Knowledge - common heritage, not private property

SGR discussion meeting

University of London Union; 10 November 2002

Main presentations:
'Science, Knowledge and the Public Good' by Dr Nicholas Maxwell, University College London
'Introduction to the Convention on Knowledge' by Dr Mae Wan Ho, Director, Insitute of Science in Society

Summary by Patrick Nicholson


Around 35 participants attended this half-day event organised by SGR for the first UNESCO World Science Day for Peace and Development. The meeting aimed to explore current concerns about the widening of intellectual property rights and enclosure of the knowledge commons. In particular, the meeting addressed issues raised by the Convention on Knowledge (CoK) currently being developed by the Institute of Science in Society, the International Network of Engineers and Scientists, the Tebtebba Foundation (International Centre for Research, Education and Capacity Building for Indigenous Peoples), the Third World Network and SGR.


The first speaker, Dr Nicholas Maxwell, philosopher and author of "From Knowledge to Wisdom", asked "what kind of inquiry can best contribute to the public good"? He considered two rival conceptions of inquiry; "the philosophy of knowledge" and "the philosophy of wisdom". According to the former, acquisition of knowledge and technical know-how is a separate process from the application of such knowledge to social problems. Dr Maxwell argued that "knowledge inquiry" actually violates many of the basic aims of problem solving rationality. In order to promote human welfare the problems to be tackled are not problems of knowledge, but rather are problems of living or of action. The solution lies, he claimed, in "the philosophy of wisdom" whereby priority is given to problems of living and the development of co-operative solutions, the basic aim of inquiry being wisdom rather than knowledge.


Dr Mae Wan Ho, Director of I-SIS and initiator of the CoK, gave an account of the genesis of the Convention on Knowledge which started with a chance conversation at the World Social Forum at Porto Alegre. Dr Ho discussed the wider motivation behind the Convention, and her own path from a "typical biologist" to activist. She laid out some of the main current threats including the privatisation of human genetic information and TRIPS (Trade Related Intellectual Property Rights). She made clear that the Convention was not intended to become a legally binding international agreement, but rather aimed at speaking for and to global civil society and demonstrating that "another science is possible", echoing the Porto Alegre call "another world is possible".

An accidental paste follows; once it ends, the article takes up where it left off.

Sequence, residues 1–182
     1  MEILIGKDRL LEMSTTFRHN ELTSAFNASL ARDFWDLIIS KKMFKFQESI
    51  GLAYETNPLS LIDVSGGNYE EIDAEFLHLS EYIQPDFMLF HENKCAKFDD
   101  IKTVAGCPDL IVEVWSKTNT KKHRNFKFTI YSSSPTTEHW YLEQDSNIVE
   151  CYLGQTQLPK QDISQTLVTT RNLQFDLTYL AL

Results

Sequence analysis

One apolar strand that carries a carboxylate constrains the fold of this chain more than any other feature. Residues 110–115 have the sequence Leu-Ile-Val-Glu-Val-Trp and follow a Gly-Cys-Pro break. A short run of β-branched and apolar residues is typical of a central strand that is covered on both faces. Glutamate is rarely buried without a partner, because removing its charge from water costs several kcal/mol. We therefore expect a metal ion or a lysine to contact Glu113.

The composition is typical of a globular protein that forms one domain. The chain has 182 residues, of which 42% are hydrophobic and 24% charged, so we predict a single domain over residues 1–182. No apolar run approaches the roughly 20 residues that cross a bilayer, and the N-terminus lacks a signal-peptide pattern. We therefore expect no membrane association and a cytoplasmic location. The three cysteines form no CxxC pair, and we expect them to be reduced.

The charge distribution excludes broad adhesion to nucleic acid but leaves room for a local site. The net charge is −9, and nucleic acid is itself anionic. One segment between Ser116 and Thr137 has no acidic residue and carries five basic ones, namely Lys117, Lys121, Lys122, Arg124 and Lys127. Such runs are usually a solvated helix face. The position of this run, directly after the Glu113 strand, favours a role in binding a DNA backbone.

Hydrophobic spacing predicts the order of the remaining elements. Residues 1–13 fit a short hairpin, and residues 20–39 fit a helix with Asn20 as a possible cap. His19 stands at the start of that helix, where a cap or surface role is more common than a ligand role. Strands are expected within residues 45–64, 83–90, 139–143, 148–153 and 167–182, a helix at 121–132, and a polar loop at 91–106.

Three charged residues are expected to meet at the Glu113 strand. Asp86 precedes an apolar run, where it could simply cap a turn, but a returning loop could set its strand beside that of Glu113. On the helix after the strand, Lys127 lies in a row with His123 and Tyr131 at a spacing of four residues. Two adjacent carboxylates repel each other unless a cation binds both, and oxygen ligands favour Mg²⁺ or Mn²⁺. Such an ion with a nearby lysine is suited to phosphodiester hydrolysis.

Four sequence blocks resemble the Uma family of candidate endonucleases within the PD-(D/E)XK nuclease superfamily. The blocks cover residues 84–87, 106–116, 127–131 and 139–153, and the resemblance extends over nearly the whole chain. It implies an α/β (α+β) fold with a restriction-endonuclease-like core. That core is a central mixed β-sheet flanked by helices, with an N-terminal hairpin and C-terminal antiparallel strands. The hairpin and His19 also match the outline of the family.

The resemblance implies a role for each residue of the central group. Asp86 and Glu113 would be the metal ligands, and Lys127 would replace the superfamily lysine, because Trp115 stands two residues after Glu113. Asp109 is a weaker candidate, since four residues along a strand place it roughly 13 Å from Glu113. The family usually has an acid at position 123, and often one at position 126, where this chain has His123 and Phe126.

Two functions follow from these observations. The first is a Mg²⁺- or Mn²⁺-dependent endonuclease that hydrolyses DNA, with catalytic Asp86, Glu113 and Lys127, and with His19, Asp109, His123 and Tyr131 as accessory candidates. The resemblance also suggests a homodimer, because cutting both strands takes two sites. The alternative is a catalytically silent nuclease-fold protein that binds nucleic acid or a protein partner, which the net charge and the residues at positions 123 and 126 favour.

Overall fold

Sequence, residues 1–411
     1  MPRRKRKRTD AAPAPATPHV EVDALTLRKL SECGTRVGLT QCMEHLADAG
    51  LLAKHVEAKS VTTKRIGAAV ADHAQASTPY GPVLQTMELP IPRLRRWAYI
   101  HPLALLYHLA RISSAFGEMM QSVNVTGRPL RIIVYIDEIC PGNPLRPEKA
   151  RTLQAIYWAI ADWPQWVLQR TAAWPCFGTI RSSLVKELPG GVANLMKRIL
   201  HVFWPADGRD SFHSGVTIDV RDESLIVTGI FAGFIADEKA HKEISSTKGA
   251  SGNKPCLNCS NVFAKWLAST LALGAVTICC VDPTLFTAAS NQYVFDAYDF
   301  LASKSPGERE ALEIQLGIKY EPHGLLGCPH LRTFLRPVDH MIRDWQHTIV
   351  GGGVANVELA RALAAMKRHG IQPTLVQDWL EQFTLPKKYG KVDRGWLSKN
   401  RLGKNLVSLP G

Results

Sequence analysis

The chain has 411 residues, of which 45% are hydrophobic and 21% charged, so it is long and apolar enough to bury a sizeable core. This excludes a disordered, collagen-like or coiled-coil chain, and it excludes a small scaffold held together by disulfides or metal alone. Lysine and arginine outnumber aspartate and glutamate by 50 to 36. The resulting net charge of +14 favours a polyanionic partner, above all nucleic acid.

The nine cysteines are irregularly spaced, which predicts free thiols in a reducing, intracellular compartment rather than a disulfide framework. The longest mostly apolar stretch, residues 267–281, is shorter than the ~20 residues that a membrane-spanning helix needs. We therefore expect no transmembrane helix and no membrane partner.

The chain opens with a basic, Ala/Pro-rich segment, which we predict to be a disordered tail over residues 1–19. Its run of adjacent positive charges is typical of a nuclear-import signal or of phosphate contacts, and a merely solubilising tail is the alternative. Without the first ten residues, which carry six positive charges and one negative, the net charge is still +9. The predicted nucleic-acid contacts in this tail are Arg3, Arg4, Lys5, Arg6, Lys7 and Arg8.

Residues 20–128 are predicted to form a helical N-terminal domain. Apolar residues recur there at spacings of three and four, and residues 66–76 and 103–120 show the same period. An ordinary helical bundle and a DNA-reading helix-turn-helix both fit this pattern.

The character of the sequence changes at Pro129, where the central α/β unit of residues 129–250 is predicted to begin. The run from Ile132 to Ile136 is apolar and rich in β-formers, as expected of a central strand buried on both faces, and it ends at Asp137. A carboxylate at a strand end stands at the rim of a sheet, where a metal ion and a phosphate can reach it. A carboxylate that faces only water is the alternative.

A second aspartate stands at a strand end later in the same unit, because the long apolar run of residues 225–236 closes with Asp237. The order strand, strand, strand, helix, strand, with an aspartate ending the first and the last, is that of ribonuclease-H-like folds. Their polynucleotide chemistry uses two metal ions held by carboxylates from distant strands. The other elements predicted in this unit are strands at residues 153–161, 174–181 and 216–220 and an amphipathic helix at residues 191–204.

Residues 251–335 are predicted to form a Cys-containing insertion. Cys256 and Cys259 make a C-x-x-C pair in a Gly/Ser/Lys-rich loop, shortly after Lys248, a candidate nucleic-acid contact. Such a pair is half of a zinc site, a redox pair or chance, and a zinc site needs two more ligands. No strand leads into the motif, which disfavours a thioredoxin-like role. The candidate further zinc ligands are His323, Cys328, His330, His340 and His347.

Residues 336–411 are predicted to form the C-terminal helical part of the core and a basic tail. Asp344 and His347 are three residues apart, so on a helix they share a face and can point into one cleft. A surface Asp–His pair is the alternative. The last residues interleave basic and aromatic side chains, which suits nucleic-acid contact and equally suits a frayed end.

Dr Phil Webber, Vice Chair of SGR, summarised feedback received by SGR on the CoK to date. There was, he reported, broad support for the idea of a Convention and in particular for addressing the problems arising from recent extensions to intellectual property rights. However, there was some criticism of the tone of the document, which was felt to ignore or downplay the benefits of science, and there were concerns over remarks that were felt to be unnecessary to the main argument and that could reduce the breadth of support. Some suggestions to simplify and clarify the arguments were proposed.


Dr Mike Barnes of SGR argued the case for the commercialisation of (appropriate) intellectual property, speaking from personal experience within industry and as a consultant. He argued that commericalisation is the main way in which the fruits of research are made available, through products, services and jobs. In his view, patents are intended to stimulate innovation for the good of society. However, he agreed that there were problems with the patent system, particularly with regard to the treatment of the developing world, but noted that there was some movement to address these concerns (e.g. the recent Report of the UK Commission on Intellectual Property Rights). Dr Barnes felt that much of what was in the Convention was unacceptable.


Dr Jonathon Goulding of SGR reviewed cases from the ongoing "Science and Vested Interests" files being compiled by SGR, including corporate funding of science (e.g. the saga of the BAT-funded Centre for Corporate Social Responsibility at Nottingham), and conflicts of interest amongst government officials such as Lord Sainsbury.

Professor Norman Sheppard (SGR) echoed earlier concerns about the recent extensions of patent rights, a change that challenges the notion that fundamental scientific knowledge consist of discoveries that should be available to all. Professor Sheppard noted that the US, but not European or UK, patent office is government-funded and subject to political manipulation. In subsequent discussion, it was pointed out that European and UK patent offices are heavily dependent on the fees charged to industry and so may well be influenced by the corporate agenda.

Dr Gilles de Wildt of MEDACT, discussed some of the dilemmas posed for doctor and patients by emerging genomic research, specifically the potential erosion of trust and misuse of information. More generally, Dr de Wildt discussed the iniquity of TRIPS which favours rich countries against developing and transition countries. He suggested one option might be to take health and education components out of TRIPS and GAT in the future.


Numerous contributions from the floor added significantly to the debate making this a genuinely interactive meeting. Discussion of the Convention continues and further comment is welcome. Readers can view and comment on the convention at here.


SGR thanks the Science and Society Trust and the Martin Ryle Trust for financial assistance with this meeting.

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